Well I think that's enough for 2012 and I would like to wish all of my Blog followers a safe and enjoyable festive season and New Year and good golfing.

Friday, December 7, 2012

A very unexpected but overwhelmingly welcome 50mm of rain this morning that will do the courses the world of good after another prolonged dry spell.  The fairways in particular were in desperate need of the rain as once again the fairway irrigation system couldn’t compete with the wind over the past couple of weeks and with the main priority being the greens the water supply levels were starting to be stretched.

I was lucky enough to be at The Lakes GC yesterday and caught up with Cool Tweeds own Scott Gardiner.  I have known a lot of touring pros over the years and none could be as down to earth and courteous as Scott.  I watched him until the 11th and must have been some sort of curse as his game improved on the back nine to card a 76 which he followed with a 71 today.  The Lakes itself has had many major revamps over the years but the latest is no doubt the most severe and one that has polarised opinion amongst the players.  I will sit on the fence for this one and offer the following course information courtesy of Australian Superintendents Association journalist Brett Robinson;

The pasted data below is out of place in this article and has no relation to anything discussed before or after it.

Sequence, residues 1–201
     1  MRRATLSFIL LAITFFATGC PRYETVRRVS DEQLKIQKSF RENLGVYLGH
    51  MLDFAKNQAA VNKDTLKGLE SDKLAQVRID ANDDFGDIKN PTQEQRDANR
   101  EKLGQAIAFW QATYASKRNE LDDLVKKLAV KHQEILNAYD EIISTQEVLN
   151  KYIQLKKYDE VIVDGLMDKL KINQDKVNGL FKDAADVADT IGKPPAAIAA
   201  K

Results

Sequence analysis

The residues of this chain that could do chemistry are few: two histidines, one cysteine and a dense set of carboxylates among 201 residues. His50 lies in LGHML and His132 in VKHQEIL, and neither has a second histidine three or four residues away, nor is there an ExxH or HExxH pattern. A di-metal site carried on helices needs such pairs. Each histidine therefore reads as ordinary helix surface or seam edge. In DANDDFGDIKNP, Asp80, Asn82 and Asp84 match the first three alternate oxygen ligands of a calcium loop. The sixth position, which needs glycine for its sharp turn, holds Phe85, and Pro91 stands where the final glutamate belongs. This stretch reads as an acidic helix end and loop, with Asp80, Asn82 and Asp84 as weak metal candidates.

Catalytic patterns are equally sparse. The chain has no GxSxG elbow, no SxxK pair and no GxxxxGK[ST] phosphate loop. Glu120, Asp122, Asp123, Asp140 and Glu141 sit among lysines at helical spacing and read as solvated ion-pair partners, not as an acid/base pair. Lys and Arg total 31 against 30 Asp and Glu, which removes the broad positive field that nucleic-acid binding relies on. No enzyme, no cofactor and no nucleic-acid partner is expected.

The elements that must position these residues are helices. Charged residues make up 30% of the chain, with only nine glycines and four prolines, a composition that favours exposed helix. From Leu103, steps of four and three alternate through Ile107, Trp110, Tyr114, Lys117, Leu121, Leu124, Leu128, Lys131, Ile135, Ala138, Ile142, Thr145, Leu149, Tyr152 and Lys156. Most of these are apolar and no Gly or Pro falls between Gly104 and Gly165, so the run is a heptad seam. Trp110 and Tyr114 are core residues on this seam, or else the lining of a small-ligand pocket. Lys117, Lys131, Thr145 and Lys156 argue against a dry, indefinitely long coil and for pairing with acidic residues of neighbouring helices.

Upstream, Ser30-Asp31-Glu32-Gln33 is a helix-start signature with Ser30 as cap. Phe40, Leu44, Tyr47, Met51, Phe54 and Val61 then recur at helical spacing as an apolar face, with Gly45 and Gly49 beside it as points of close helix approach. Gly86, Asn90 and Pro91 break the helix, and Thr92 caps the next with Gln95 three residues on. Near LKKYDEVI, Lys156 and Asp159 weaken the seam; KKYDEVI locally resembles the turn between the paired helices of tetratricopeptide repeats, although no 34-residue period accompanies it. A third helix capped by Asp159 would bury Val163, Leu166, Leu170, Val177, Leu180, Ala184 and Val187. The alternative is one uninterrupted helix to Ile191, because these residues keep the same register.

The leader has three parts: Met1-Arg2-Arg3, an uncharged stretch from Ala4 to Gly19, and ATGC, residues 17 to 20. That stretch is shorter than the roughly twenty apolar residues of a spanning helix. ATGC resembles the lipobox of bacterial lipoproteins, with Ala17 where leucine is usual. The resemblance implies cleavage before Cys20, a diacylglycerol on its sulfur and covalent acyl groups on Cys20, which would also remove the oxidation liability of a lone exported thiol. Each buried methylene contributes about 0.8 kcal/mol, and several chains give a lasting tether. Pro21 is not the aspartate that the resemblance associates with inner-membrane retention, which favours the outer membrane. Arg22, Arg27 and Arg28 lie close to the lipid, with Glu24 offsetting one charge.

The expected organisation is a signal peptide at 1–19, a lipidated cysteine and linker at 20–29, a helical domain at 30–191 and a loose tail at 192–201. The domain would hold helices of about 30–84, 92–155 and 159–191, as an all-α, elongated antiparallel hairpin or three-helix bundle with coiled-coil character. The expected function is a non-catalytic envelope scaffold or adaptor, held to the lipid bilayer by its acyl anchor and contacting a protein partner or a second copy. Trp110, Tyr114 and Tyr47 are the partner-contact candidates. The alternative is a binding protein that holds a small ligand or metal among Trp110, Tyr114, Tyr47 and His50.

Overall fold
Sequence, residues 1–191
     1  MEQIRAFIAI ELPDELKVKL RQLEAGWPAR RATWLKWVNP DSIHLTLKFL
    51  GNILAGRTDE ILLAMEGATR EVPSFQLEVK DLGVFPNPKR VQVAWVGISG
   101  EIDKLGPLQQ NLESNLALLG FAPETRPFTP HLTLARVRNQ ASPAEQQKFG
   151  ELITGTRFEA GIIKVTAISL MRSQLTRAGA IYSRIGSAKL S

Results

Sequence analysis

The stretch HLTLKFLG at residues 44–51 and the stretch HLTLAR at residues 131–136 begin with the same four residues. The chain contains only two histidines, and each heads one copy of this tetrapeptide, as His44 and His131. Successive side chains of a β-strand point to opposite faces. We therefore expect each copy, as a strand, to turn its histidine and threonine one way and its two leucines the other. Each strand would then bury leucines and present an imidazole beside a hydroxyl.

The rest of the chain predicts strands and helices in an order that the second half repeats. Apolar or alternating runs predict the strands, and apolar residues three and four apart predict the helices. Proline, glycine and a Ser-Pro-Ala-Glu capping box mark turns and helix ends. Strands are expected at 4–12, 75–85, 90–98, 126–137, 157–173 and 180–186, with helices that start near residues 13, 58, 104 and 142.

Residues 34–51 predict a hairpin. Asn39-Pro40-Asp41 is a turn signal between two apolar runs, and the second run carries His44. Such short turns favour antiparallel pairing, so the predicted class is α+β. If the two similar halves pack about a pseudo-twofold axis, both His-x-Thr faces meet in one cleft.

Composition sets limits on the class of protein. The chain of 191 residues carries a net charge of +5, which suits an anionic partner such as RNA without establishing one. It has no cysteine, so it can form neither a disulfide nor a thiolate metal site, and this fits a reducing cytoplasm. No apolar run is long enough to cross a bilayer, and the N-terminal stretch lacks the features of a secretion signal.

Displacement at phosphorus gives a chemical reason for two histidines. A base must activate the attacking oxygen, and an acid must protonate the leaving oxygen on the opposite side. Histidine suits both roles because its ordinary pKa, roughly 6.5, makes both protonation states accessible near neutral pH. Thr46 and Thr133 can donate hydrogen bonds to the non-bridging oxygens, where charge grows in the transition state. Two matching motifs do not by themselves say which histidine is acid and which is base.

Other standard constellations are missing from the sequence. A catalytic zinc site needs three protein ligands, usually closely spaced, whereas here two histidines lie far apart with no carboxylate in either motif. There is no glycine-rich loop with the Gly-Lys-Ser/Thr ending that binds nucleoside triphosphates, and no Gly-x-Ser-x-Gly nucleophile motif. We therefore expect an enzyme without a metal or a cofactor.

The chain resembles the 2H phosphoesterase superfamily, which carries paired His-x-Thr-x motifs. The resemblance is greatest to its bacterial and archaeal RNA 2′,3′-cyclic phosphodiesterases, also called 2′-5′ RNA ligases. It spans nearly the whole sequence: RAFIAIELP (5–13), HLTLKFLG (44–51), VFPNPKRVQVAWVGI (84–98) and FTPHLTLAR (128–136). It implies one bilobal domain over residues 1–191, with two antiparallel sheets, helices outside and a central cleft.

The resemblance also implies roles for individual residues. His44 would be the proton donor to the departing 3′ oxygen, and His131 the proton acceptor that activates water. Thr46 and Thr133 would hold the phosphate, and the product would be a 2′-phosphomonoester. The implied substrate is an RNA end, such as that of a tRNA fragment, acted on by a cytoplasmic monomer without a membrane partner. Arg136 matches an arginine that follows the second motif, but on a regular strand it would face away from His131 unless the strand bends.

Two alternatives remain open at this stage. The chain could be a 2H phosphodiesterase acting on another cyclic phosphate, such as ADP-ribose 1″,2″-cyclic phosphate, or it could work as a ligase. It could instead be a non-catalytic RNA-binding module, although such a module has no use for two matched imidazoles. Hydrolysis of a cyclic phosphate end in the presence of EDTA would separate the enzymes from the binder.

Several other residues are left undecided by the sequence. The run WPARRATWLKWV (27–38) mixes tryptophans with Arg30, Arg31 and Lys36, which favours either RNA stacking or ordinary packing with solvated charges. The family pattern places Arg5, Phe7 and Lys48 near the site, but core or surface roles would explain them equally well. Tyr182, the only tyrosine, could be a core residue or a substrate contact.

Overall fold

THE SUPERINTENDENT  Anthony Mills aged 35.
THE CREW Assistant superintendent: Stephen Mallyon (recently joined The Lakes from Roseville GC).  Normal staff numbers (non-tournament): 17. Tournament staff numbers: 51 total (average of 40 per shift). 
Configuration: 18 holes, 6290m par 72 (playing approx 150m shorter).
Maintained fine turf area: 32 hectares (greens total 2ha).
Bunkers: 81 + significant sandy waste areas.
Irrigation system: Toro 850 Series sprinklers controlled by a Toro SitePro Decoder system.
Greens: Penn A4 creeping bentgrass (3mm height of cut, double cut mornings)
Projected tournament stimpmeter readings: 10’5”-11’ (10’8” before second round)
Surrounds: Kikuyu and fescue (10mm, morning cut)
Tees: Santa ana couchgrass (10mm, morning cut)
Fairways: Kikuyu (10mm, morning cut)
Roughs: Kikuyu and Fescue (100mm)

Scott honing his putting just prior to the first round.